Docs

Smithsonian Channel spotlights turbulent 1968 in upcoming film

Smithsonian Channel is diving deep into the Smithsonian Institute’s vaults to relive and explore the change, violence and tragedy that was 1968 in an upcoming film from The Biscuit Factory. Smithsonian ...
May 1, 2018

Smithsonian Channel is diving deep into the Smithsonian Institute’s vaults to relive and explore the change, violence and tragedy that was 1968 in an upcoming film from The Biscuit Factory.

Smithsonian Time Capsule: 1968 takes a look at the significance of a dozen objects the Smithsonian kept that captured those turbulent times, along with personal stories that transport audiences back to a specific time in ’68 that impacted history.

Featured onscreen is a veteran of the Tet Offensive who shares the story of his uniform he wore as he recounts surviving a deadly ambush, and astronaut Jim Lovell remembers Apollo 8 – the first manned spacecraft to land on the moon.

The film also recounts the civil rights movement with objects including the remains of a 1968 banner – hung in the National Museum of American History – made to commemorate the life of Dr. Martin Luther King, Jr. following his assassination.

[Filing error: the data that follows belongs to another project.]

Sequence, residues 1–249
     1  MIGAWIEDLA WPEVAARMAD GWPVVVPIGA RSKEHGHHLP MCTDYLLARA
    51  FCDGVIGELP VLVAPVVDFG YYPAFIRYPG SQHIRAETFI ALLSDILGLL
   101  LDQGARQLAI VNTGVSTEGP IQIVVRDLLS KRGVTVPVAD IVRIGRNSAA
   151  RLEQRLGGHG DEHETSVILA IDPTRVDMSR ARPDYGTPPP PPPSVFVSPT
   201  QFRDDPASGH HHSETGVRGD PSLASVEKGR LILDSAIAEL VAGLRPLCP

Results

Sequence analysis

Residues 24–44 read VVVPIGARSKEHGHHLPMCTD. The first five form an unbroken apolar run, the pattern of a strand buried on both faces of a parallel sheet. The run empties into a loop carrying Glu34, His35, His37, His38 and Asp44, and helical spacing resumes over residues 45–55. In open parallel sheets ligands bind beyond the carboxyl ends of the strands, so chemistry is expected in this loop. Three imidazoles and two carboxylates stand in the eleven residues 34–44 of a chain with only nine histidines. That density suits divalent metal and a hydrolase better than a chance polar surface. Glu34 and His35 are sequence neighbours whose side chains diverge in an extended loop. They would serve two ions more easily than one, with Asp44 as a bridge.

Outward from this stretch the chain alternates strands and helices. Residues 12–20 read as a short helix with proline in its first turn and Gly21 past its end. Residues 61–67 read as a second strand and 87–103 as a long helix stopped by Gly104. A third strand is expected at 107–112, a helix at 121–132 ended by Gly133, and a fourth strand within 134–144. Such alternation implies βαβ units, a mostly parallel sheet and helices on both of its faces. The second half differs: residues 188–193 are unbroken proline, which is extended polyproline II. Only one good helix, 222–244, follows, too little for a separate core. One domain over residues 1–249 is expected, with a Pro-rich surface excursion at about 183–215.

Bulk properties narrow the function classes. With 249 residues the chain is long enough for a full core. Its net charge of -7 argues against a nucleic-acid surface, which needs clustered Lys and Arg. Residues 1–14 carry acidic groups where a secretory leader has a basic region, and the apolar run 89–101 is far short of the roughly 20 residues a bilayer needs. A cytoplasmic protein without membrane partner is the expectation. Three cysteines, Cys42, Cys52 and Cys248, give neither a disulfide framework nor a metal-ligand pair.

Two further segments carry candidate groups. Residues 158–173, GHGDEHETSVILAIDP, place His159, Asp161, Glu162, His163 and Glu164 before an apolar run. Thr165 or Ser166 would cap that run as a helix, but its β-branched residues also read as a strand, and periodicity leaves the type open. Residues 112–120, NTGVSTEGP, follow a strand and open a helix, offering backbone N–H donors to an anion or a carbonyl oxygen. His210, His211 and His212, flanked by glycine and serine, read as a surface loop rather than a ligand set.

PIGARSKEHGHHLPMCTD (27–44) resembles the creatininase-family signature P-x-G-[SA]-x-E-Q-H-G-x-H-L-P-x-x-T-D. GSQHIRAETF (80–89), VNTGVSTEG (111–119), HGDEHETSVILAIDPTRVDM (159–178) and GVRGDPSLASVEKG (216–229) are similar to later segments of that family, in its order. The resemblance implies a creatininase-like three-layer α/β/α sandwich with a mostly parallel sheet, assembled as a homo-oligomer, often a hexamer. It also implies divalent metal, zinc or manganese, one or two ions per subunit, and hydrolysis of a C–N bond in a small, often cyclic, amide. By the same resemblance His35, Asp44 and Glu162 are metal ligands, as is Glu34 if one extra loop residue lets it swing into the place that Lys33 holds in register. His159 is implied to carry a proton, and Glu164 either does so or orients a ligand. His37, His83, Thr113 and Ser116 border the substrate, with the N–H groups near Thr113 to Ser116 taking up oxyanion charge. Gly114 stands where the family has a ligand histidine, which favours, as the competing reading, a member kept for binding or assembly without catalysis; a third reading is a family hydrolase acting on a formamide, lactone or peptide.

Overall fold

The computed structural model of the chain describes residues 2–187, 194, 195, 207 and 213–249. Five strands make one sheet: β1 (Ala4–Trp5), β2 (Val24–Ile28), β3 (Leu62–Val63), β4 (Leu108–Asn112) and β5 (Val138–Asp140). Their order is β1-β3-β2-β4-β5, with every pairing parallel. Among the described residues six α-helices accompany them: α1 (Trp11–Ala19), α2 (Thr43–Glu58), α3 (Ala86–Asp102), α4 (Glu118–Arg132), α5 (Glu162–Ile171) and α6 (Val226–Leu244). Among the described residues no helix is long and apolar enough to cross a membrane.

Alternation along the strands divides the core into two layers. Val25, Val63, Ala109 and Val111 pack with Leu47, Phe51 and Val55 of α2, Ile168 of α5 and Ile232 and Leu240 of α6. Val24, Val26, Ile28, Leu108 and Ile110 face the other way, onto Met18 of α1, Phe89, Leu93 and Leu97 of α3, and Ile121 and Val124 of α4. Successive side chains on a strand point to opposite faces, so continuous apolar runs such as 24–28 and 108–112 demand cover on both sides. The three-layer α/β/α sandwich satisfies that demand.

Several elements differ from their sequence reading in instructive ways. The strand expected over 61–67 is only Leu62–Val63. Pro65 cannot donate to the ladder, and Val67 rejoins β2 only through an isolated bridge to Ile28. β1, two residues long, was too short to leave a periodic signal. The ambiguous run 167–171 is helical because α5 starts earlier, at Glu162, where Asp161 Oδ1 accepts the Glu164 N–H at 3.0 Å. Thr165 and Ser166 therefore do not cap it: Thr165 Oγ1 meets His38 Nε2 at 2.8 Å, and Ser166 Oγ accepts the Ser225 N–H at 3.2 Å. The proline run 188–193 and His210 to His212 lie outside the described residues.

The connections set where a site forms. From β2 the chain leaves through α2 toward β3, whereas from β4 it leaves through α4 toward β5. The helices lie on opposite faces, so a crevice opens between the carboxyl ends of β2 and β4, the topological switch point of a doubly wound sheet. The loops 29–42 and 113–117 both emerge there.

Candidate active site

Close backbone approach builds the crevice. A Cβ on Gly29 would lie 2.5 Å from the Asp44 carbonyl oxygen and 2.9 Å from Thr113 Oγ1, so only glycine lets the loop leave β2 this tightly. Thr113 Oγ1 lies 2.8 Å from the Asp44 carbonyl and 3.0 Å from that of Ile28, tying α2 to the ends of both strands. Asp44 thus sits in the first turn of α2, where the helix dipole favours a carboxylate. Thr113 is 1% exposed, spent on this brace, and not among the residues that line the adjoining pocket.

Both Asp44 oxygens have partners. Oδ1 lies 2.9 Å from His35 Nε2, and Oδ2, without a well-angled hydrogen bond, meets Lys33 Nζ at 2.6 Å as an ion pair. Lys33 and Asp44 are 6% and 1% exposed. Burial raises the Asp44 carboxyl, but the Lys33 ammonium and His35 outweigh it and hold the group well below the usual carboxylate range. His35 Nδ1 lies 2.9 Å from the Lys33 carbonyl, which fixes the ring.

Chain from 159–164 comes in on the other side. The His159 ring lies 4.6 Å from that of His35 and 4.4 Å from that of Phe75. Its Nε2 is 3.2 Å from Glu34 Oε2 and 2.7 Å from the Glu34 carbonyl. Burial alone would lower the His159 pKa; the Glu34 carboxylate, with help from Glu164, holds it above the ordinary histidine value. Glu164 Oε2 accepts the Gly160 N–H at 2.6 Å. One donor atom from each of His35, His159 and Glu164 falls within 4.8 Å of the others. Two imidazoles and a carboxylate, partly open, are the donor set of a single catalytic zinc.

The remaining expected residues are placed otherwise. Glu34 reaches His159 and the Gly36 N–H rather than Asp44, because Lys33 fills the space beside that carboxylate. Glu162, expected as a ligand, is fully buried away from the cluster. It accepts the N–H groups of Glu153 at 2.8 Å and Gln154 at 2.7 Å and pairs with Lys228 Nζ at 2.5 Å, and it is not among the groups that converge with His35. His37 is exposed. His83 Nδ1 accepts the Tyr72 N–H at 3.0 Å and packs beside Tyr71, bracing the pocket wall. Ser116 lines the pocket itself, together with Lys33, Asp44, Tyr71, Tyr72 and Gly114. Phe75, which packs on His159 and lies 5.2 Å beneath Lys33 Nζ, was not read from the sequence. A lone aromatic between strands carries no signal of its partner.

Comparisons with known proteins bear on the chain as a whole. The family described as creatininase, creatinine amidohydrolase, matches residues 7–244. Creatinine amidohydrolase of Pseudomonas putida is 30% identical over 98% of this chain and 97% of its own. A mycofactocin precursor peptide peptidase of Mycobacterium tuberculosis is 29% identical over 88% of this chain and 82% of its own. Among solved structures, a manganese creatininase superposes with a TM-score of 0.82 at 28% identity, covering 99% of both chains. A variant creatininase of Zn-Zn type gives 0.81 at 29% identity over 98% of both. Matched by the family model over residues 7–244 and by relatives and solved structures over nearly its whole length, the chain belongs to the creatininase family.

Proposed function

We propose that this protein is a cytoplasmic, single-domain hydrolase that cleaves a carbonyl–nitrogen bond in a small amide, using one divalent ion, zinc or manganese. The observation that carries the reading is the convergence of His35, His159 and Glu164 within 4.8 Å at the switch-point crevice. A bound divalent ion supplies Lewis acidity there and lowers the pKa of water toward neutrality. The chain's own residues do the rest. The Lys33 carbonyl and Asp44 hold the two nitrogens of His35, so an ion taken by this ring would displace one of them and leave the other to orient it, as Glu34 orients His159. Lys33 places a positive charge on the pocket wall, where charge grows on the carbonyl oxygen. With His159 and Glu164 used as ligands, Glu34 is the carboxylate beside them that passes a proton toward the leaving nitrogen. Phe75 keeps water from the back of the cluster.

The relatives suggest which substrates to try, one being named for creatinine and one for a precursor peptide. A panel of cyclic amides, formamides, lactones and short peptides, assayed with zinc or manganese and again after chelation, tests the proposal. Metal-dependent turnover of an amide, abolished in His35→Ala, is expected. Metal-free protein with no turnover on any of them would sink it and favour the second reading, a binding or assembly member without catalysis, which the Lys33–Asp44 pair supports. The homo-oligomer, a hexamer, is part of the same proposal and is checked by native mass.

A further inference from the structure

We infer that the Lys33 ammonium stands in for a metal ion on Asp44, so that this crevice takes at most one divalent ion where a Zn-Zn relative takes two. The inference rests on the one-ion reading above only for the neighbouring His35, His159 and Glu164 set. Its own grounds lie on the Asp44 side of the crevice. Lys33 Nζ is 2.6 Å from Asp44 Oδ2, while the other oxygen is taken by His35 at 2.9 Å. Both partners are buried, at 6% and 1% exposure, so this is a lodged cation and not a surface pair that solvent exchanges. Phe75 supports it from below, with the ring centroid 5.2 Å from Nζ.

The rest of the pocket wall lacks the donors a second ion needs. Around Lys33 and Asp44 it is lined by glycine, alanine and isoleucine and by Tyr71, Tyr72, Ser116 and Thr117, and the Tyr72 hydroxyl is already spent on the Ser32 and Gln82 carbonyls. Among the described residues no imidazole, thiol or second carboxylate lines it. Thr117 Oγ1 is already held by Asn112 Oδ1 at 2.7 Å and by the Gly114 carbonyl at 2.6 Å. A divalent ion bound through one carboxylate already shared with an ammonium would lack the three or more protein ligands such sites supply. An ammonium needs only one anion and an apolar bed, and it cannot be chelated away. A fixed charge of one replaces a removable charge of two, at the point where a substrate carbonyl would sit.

Further objects include Pringles “newfangled” potato chips, as well as early mobile phones and the popularization of the Peace Sign.

To commemorate 1968, the Smithsonian National Portrait Gallery will open the exhibition “One Year: 1968, An American Odyssey” on June 29.

The film is produced by Molly Hermann and Rob Lyall for The Biscuit Factory. Linda Goldman and David Royle serve as executive producers for Smithsonian Channel.

Smithsonian Time Capsule: 1968 premieres May 7 at 8 p.m. ET/PT on Smithsonian Channel.


Photo by Schulimson [Public domain], via Wikimedia Commons

About The Author
Senior staff writer Frederick Blichert comes to realscreen with a background as a journalist and freelance film critic. He has previously written for VICE, Paste Magazine, Senses of Cinema, Xtra, Canadian Cinematographer and elsewhere. He holds a Master of Arts in film studies from Carleton University and a Master of Journalism from the University of British Columbia.

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